I ran my hand through my hair for the hundredth time, still not used to having my head bare.
“You sure you wanna hit up this place?” I asked Rafi.
“Yeah. It looks pretty cool”.
I calmly handed the bouncer my friend’s brother’s I.D. He barely glanced at it, and let me through without a second look. I would have been totally freaking out had I been sober, but I was smart enough to stop off at a calm bar full of old people and drink some liquid courage (read: vodka) so that I wouldn’t back out. No, I wouldn’t have freaked about using the I.D., I’d done that a million times, it would have been the place we were entering that would have set me on edge.To be honest, there are a thousand bars just like it in New York City. There really was no reason for me to be this amazed by a standard dive bar in the East Village. Every kid at every college around the world is at one of these bars every night. Why was I so amazed at a mob of drunk (supposedly) twenty somethings dancing to club music, playing beer pong, and doing all sorts of flirting? Oh yeah, because it was my first time in a bar.
Okay...that’s not technically true. I had been in bars before, but always wearing my impenetrable barrier: a yarmulka. I don’t know if the supreme alienating force I felt while wearing one was real or imagined, but it killed my self confidence enough to stop me from ever entering a place like this. It’s impossible to try and have fun while feeling more self conscience than anything else.
This also happened to be my first time going to a “college bar”. Any of the other bars I had been to were just places for drinking with some friends, like the old people bar from earlier that night. This place was different. It was dark and exciting. It was packed, and had a bit of a clubby vibe to it. I had never been in a place like this before. Girls were grinding on guys, guys were getting shot down trying to dance with girls, and waitresses in tight shirts were expertly navigating the crowd to bring food to people in booths. It was the kind of stuff I had only seen on TV. I felt liberated...I was doing something normal, something fun, something...goyish.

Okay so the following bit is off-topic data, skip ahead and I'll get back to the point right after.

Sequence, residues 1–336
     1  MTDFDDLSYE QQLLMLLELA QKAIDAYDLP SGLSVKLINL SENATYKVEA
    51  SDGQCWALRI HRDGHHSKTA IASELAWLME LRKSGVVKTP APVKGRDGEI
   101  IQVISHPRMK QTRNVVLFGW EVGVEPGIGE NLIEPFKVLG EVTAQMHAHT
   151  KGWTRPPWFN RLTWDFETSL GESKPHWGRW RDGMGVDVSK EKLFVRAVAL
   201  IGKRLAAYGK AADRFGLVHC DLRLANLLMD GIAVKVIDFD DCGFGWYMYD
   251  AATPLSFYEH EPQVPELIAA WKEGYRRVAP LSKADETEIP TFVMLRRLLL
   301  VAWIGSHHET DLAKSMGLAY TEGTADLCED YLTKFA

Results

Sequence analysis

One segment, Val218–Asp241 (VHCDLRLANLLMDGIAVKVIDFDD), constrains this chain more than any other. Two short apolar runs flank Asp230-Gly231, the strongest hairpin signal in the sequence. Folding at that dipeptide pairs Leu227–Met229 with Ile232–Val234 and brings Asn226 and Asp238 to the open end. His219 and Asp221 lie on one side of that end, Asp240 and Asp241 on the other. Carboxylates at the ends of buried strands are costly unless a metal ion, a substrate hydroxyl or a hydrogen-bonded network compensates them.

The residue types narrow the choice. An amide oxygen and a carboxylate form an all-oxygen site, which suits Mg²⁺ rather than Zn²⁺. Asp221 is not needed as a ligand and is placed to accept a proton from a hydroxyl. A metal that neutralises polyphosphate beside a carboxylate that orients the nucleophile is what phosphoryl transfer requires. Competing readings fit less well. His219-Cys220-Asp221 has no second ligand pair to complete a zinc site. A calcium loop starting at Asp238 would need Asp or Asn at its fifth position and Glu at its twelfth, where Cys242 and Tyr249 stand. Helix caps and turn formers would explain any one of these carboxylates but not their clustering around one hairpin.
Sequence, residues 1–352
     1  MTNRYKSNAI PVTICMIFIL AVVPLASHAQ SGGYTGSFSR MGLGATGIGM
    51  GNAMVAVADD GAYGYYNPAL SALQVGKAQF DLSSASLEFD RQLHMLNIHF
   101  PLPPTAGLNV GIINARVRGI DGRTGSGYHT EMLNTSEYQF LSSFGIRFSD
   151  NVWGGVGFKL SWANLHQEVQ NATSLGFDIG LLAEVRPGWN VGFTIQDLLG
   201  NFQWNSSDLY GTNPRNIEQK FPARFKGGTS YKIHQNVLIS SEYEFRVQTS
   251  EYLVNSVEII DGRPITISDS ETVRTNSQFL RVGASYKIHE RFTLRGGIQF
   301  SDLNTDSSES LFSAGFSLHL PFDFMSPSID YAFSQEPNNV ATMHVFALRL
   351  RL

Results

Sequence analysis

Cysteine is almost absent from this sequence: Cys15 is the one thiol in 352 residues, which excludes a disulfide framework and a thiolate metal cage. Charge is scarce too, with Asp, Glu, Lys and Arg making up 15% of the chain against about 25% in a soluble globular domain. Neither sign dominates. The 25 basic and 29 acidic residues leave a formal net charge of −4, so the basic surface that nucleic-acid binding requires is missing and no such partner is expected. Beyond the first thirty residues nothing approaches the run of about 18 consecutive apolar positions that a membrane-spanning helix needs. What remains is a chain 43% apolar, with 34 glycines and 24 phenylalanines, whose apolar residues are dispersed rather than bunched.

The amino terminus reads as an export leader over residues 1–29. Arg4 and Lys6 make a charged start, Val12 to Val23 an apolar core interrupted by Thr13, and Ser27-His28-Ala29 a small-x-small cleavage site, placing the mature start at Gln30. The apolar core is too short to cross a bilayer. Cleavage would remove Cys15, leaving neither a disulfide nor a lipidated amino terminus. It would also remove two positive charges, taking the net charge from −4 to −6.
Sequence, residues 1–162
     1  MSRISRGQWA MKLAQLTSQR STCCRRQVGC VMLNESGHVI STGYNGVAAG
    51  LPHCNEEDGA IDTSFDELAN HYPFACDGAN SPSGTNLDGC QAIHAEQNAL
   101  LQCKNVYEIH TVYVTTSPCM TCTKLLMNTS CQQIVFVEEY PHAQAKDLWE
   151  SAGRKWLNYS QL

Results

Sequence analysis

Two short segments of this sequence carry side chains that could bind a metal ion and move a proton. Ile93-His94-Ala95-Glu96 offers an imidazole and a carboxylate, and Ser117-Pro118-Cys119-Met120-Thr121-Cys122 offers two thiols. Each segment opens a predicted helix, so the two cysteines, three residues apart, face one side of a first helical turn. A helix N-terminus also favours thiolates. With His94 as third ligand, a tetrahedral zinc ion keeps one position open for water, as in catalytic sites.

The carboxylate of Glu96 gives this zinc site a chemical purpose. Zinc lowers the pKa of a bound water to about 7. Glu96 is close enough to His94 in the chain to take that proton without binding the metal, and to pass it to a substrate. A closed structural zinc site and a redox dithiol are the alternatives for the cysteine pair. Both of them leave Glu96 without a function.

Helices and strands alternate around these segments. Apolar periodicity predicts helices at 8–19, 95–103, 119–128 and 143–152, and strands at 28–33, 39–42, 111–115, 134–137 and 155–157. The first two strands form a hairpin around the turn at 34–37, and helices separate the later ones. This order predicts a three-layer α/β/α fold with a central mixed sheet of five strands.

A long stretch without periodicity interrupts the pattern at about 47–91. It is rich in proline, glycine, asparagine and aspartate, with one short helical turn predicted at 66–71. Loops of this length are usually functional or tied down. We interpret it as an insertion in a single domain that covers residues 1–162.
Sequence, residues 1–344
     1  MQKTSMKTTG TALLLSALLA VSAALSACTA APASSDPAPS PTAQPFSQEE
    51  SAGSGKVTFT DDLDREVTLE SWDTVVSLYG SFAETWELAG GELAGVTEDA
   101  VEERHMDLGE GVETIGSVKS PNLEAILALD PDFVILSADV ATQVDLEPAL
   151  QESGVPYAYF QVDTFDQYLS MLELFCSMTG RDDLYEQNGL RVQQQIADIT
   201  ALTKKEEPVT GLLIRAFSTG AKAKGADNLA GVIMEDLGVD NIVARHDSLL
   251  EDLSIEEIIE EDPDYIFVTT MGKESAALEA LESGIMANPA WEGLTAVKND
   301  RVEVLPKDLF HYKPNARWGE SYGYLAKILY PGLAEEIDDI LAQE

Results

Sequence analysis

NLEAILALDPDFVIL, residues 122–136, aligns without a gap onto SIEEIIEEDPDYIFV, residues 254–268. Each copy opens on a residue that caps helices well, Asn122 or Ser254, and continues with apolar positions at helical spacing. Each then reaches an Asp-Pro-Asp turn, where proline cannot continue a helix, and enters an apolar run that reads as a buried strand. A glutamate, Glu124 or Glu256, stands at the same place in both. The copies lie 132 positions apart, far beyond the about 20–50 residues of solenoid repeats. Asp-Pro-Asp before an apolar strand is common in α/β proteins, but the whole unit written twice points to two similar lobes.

To think that a year ago I was still wearing white shirts to yeshiva everyday...
One year earlier.
“I was just saying that they aren’t ---”“Urban Legend??? You DARE call a medrash an urban legend???”
Oh crap. I had really done it this time. Just when I was finally getting along with him too.
Learning with the Rosh Yeshiva as a chavrusa meant that I was constantly skating on thin ice. It could seem perfectly safe one minute, and the next thing you know you’re desperately looking around for help. When we just stuck to the gemara it really wasn’t too bad. Things got crazy when we would discuss anything else. Sometimes he was so normal that I forgot not to have my Rabbi defence barriers up, and I said what I was actually thinking. That was how I landed myself in situations like the one at hand.
Today’s culprit was the posuk that people say after shmoneh esrei to not forget their names when they die.
“Rebbi, all I meant was that you don’t really think that that’s supposed to mean literally remembering your name” I stammered, not really doing much to help my cause.
“Any why not?” He demanded “ The magen avrohom believed it! And the Gr”a! Are you trying to say your smarter than the Gr”a?”
That line was one of his favorites. There really was nothing to say that would make the situation any better. Anything I said now would just get him even angrier. Unless I apologized to...well I’m not really sure who I would even be apologizing to. I didn’t say anything that should have been insulting to him. Besides there’s no way in hell that I would ever say I’m sorry to a Rabbi...unless I hit him with a car or something.Rabbi Ephraim Gottlieb gave me an intense stare as I just held my silence and stared right back. My parents always said that my insolent attitude would really come back to hurt me one day. They were probably right about that too, but I still didn’t care. I would never give him the satisfaction of just willing me into submission on account of his position.